Remarks by Alicia Bárcena, Executive Secretary of the Economic Commission for Latin America and the Caribbean (ECLAC) at the ceremony marking the full membership of the Kingdom of Norway in the Commission
ECLAC headquarters, Santiago
4 October 2015
Dear Tone Skogen, Under-Secretary for Foreign Affairs of Norway,
Dearest friend, Hege Araldsen, Ambassador of Norway to Chile,
Members of the official delegation of Norway,
Members of the diplomatic corps,
Colleagues of the United Nations system,
Colleagues of ECLAC,
Receive our warmest welcome on this very special occasion, on which we officially welcome the Kingdom of Norway as a full member of the Economic Commission for Latin America and the Caribbean. Norway is a founding member of the United Nations and has always strived for the strengthening of multilateralism and for developing the normative framework on the basis of the three pillars of the Charter of the United Nations: human rights, peace and security, and sustainable development.
Norway has been a progressive country, which has adopted visionary legislation and policies to support human rights, and most especially women’s rights and minority rights.
Allow me to start by congratulating Norway on its commitment to peace. Recently, we were proud to see the conclusion of a crucial agreement on transitional justice –a key step in the peace process between Colombia and FARC. Norway has been the guarantor of this process from the beginning, together with Cuba and alongside Chile and the Bolivarian Republic Venezuela.
We share common values.
There are many other reasons why Norway and the Latin American and Caribbean region have very close ties and need to strengthen their mutual understanding and collaboration even further. Despite the geographical distance between us and the distinct yet equally rich paths that we have traced culturally and historically, there are opportunities for convergence as we look towards the future of our societies.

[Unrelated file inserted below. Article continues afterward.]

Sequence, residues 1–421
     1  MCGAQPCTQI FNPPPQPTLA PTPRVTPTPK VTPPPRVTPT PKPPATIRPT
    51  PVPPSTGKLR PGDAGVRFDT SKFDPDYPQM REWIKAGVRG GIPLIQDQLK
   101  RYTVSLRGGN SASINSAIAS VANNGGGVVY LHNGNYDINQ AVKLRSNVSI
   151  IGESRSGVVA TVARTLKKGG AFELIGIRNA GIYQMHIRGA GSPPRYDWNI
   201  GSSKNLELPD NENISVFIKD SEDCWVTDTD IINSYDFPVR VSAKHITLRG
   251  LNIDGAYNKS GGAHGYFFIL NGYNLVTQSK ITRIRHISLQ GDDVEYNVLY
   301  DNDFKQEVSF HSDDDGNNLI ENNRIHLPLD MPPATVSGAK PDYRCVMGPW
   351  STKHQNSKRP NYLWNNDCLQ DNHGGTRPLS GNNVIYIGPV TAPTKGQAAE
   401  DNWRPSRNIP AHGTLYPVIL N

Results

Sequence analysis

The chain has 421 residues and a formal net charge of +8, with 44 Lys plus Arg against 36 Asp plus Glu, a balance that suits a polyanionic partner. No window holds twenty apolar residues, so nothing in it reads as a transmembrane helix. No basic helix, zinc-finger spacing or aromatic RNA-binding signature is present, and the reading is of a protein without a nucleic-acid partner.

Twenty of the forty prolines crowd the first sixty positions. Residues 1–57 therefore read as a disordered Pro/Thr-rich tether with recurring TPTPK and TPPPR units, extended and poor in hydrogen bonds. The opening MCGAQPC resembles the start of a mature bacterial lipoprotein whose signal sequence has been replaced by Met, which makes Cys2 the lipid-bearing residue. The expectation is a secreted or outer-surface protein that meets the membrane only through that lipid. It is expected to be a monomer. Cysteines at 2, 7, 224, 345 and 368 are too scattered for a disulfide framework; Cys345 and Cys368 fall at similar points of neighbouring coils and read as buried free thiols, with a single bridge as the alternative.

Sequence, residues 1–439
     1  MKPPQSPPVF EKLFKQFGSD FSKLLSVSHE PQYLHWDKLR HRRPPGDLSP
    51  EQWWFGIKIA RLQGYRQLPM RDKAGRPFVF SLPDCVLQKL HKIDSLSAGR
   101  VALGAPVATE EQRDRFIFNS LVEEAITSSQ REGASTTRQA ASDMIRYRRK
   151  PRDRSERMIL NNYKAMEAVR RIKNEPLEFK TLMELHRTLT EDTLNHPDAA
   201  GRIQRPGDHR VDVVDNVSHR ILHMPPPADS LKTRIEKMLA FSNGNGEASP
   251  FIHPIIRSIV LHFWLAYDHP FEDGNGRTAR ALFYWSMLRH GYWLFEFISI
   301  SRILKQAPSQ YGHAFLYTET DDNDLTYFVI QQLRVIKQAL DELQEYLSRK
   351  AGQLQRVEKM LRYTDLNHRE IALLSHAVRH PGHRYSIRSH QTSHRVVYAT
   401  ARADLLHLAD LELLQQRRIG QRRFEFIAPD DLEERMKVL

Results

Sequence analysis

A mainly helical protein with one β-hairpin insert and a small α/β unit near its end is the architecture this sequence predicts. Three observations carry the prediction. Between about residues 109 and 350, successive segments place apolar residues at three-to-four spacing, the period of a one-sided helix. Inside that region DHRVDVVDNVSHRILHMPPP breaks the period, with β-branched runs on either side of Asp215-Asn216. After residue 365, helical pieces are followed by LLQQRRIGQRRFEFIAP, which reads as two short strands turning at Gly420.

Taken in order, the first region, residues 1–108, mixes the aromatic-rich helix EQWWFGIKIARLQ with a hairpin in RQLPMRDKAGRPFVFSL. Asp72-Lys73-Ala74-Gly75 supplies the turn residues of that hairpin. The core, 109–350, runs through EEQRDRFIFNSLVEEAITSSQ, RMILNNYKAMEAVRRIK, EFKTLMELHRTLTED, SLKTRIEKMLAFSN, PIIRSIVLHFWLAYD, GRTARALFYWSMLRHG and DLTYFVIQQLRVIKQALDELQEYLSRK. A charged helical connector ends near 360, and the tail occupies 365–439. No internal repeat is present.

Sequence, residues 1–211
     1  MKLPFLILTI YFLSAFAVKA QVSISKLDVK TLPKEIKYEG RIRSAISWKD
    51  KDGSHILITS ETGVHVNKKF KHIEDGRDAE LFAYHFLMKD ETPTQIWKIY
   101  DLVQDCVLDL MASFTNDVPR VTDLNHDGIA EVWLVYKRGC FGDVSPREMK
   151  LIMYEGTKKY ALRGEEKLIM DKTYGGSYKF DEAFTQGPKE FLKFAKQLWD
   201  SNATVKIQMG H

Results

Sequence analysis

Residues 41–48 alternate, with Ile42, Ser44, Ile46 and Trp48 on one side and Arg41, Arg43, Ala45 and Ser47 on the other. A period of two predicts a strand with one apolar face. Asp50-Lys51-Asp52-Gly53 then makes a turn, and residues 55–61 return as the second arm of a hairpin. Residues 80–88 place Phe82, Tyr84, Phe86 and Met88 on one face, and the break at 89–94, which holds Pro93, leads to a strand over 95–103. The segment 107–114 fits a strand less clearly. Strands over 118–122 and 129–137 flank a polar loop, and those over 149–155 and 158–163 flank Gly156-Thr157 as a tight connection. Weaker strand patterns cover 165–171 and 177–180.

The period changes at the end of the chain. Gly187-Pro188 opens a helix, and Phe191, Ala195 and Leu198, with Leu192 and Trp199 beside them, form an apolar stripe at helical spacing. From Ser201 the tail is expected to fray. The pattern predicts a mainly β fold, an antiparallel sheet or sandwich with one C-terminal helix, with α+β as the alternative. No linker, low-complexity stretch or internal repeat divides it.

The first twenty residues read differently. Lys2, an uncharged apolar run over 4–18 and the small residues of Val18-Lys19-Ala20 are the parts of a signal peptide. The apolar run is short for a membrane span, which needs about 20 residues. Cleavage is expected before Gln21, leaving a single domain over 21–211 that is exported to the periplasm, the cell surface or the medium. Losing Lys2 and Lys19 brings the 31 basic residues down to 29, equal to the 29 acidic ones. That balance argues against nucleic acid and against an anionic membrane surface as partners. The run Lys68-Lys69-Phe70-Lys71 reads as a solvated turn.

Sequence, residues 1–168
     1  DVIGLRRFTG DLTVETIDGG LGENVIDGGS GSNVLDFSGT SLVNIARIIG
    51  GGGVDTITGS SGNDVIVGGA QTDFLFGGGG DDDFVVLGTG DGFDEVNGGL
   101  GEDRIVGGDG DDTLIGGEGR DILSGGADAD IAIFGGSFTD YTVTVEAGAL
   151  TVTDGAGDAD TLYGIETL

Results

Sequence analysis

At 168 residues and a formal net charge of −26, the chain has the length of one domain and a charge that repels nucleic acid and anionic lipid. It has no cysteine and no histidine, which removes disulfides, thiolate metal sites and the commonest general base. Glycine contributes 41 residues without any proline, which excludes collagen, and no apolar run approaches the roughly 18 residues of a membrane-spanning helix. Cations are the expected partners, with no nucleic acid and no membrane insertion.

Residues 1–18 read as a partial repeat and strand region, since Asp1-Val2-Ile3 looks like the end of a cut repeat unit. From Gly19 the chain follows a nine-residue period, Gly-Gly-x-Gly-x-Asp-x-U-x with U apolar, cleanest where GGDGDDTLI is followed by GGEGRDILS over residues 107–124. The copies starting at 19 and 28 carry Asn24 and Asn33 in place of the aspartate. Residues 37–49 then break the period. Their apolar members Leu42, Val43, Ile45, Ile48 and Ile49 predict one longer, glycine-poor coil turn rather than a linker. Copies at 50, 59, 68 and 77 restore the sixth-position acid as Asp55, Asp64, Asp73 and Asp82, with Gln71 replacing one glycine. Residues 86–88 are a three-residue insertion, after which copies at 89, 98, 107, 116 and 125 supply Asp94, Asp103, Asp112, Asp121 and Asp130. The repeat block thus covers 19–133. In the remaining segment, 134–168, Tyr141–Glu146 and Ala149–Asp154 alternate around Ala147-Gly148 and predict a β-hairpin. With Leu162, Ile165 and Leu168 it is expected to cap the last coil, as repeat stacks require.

For us, this is an important step in our relationship —one that has grown stronger in a short but intense span of time.
It was the Spring of 2012, when Ambassador Haraldsen contacted us to discuss themes of common interest linked to poverty alleviation and equality. We shared experiences in the areas of structural reform, universal social protection, gender mainstreaming and governance of natural resources.
We started a promising partnership through our joint project between Norway and ECLAC on promoting equality in Latin America.
The project’s aim was to promote policy dialogue with Governments, the private sector and other stakeholders in Latin America and the Caribbean by identifying and promoting innovative, pro-equality public policies, strengthening institutional capacity and fostering public-private partnerships and coordination.
We were able to advance on the Gender Equality Observatory for Latin America and the Caribbean and organize seminars with the private and public sectors on governance of natural resources. All of this resulted in publications that have been widely disseminated.